Clipper Round the World Yacht Race – The last 24 hours in the Henri Lloyd Hobart to Whitsundays Race have seen the fleet getting a bit of a battering from a developing low with unstable and unpredictable conditions.
LMAX Exchange has repositioned after tackling the Scoring Gate and is among the front-runners which have entered the Ocean Sprint some 850nM from Airlie Beach. But Da Nang – Viet Nam has lost the lead in the process.
“We have not tacked since the Derwent River. I’m sure one leg is getting longer than the other…We are now more like a dog chasing its tail,” said Skipper Wendy Tuck.
In contrast GREAT Britain Skipper Peter Thornton reported: “We have been trucking up the coast…It’s certainly been wet sailing so far with a good amount of spray across the decks at maximum angle. Coupled with gale force rain squalls…I think the next 24 hours will be interesting on the Race Viewer.”
Clipper Race Meteorologist Simon Rowell confirmed that the weather charts are having trouble keeping up with the rapidly changing nature of the developing low. In his latest report to skippers he says: “There are very different wind directions across the relatively small area of the fleet. Once the low moves a little further away from the coast the GRIBs (forecast charts) should catch up with it…but for the moment the teams will need to depend on their own observations more than ever.”
All the yachts want the two valuable extra points up for grabs for the fastest team between the two designated lines of latitude in the Ocean Sprint. Inshore vs offshore tactics will have a bearing on performance in the Ocean Sprint in addition to progress to the finish line, final positions in the fleet and associated points.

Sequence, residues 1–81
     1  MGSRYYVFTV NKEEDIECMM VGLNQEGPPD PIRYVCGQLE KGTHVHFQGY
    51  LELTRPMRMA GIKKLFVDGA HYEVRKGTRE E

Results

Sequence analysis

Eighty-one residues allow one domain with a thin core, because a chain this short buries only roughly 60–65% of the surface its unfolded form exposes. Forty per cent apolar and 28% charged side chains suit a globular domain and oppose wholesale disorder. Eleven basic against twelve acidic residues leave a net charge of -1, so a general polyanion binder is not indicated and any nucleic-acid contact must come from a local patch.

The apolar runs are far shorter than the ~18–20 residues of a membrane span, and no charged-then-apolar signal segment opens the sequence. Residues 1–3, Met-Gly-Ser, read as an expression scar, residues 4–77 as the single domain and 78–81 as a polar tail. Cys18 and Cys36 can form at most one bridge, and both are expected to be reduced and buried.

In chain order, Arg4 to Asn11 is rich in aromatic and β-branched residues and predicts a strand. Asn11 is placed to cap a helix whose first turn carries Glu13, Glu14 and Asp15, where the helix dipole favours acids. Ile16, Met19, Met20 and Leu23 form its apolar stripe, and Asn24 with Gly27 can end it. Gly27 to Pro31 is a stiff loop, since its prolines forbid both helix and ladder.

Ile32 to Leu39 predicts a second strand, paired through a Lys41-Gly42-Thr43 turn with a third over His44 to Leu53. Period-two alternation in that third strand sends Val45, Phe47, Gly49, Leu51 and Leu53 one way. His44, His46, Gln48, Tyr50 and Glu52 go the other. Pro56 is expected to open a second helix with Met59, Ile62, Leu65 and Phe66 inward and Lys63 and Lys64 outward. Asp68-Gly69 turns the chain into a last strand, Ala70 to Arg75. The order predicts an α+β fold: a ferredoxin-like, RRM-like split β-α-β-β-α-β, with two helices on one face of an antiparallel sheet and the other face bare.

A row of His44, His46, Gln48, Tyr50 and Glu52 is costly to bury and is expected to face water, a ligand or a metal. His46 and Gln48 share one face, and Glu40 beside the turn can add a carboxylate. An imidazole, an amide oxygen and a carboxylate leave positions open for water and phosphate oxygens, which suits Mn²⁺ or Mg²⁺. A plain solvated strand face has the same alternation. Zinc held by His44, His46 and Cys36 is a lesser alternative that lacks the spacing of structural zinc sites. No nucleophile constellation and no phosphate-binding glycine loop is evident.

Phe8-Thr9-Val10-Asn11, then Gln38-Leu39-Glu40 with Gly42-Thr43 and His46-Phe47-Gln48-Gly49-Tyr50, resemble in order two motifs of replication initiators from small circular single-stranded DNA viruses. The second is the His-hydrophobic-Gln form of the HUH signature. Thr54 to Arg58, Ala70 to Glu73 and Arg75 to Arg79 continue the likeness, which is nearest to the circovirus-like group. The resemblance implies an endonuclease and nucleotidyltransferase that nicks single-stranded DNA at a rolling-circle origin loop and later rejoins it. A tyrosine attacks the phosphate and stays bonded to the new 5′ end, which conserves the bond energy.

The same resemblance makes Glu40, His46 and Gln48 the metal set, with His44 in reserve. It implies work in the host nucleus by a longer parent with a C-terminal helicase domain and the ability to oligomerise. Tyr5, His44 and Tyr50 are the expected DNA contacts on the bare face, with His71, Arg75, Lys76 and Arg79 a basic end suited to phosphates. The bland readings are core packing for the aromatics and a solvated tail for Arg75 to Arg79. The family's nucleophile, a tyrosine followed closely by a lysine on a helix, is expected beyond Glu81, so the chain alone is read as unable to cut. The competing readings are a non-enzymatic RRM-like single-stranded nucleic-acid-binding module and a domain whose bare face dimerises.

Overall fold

Race Director Justin Taylor feels the offshore teams may well have the advantage but light winds due in the next 24 hours will hamper the progress of the fleet. He said: “The western boats which are closest to the coast seem to be converging near Port Macquarie. The East Australian Current forecast shows it quite strong at this point. I expect those boats to suffer a bit. The offshore boats might just gain a nice advantage.”
GREAT Britain, Derry~Londonderry~Doire and ClipperTelemed+ all stayed offshore after going for the Scoring Gate, but LMAX Exchange headed inshore. Skipper Olivier Cardin explains his decision: “The last 24 hours were pretty tough…Our progression is quite good despite the strong current we had to cross. In fact, after the gate, we chose to go by the shore. There we are expecting less current and a good shift due to the low.
“Skipper Peter and his GREAT Britain team chose the offshore side of the current. It’s less stressful than watching them on the AIS (Automatic Identification System) but we know that these guys are dangerous.”